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NABE 44th Annual Conference Achieving Global Competence:|
Biliteracy for All
The National Association for Bilingual Education is the only nationwide network of professionals
dedicated to serving English language learners in the United States via education programs and legislative
advocacy. For the past four decades, NABE has been committed to excellence in bilingual and biliteracy
education for all students through enriched educational programs and intensive professional development for
teachers, administrators, professors, policymakers and parents. Additionally, NABE provides extensive research
in the field via its Bilingual Research Journal, NABE Perspectives, NABE Journal of Research and Practice
and the NABE eNews. NABE is committed to promoting programs and innovations that prepare our nation's
students to be fluently bilingual, technologically creative, globally competitive and well-rounded world citizens by advancing legislation and policies at both the state and national levels that best serve language minority
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More and more kids are becoming fluent for life thanks to Imagine Learning Español, an educational software solution that helps young students increase Spanish language and literacy proficiency. To get a better look at the program—and how it's helping early learners build a stronger foundation—click here.
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University of Texas race plan appears headed back to US Supreme Court
A major test of the use of race in college admissions appears headed back to the U.S. Supreme Court after a full federal appeals court refused to reconsider a panel decision that upheld a race-conscious admissions program at the University of Texas at Austin. The full U.S. Court of Appeals for the 5th Circuit, in New Orleans, voted 10-5 against rehearing the Texas case.
Faculty research: Schools struggle to adapt to English language learner needs
Penn State News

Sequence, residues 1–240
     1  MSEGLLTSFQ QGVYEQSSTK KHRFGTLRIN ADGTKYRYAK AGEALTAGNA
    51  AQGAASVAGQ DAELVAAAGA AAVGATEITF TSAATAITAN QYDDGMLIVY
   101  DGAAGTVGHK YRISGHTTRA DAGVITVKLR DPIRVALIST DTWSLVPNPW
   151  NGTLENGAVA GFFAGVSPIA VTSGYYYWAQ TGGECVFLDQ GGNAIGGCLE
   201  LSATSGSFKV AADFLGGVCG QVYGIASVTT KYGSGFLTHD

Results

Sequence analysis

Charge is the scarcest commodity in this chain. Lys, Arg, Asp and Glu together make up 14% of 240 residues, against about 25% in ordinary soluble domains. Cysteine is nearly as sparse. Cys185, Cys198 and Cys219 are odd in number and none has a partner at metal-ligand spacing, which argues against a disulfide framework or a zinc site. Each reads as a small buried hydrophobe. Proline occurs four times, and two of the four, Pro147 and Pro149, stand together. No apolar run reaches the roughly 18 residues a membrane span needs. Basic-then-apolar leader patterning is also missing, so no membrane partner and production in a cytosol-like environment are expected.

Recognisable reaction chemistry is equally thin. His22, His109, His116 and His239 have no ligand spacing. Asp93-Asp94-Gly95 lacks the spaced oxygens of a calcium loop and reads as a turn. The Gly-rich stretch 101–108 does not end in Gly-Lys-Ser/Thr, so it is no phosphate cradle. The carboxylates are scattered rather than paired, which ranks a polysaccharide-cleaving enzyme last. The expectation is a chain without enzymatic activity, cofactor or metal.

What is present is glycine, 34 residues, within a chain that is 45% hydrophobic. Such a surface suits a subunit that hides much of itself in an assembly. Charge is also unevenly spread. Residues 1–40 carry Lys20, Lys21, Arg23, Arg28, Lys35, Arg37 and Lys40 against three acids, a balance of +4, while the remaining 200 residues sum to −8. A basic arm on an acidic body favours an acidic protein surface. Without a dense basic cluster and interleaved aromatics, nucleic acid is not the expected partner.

A College of Education faculty member presented a research report that explores the relationship between school-district infrastructure in new-immigrant destinations and the marginalization of English language learners in those districts. Megan Hopkins, assistant professor of education, and her colleague, Rebecca Lowenhaupt of Boston College, reported that in many schools, the teaching of English as a second language and the teaching of academic subjects are separated and disconnected, which can cause ELLs to fall behind academically.
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Gwinnett County Public Schools, located in metro Atlanta, is the largest
school system in Georgia with 173,000 students and growing. GCPS is a
school system of choice for people moving to the Atlanta area and a
two-time winner of the Broad Prize of Urban Education (2010 & 2014).
Drilling down: Audio-lingual method can help
By: Eva Sullivan
This fall, my high school ESOL classes have been particularly challenging. My newcomer students are struggling to adapt to their new cultural and language environment, and my advanced students are struggling to master new curriculum materials that align with Common Core. That leaves me in the middle, stressed about how to deliver the best instruction, given the enormous time constraints imposed by my school schedule. The bell rings every 50 minutes, and I've got a new class coming in. How can I cover the curriculum and allow sufficient time to practice a skill?
Dual-language classes, New York's new bilingual focus
The Journal News
The third-grade class at Washington Irving Intermediate School was separated with a divider, as two teachers went over an identical math problem on either side of it. On one side was Nanesha Nunez, marker in hand at the electronic board, explaining in Spanish to 17 students how to dissect a word problem; on the other side was Deborah Rose, the same example on her electronic board, explaining the same procedures to another 16 students in English.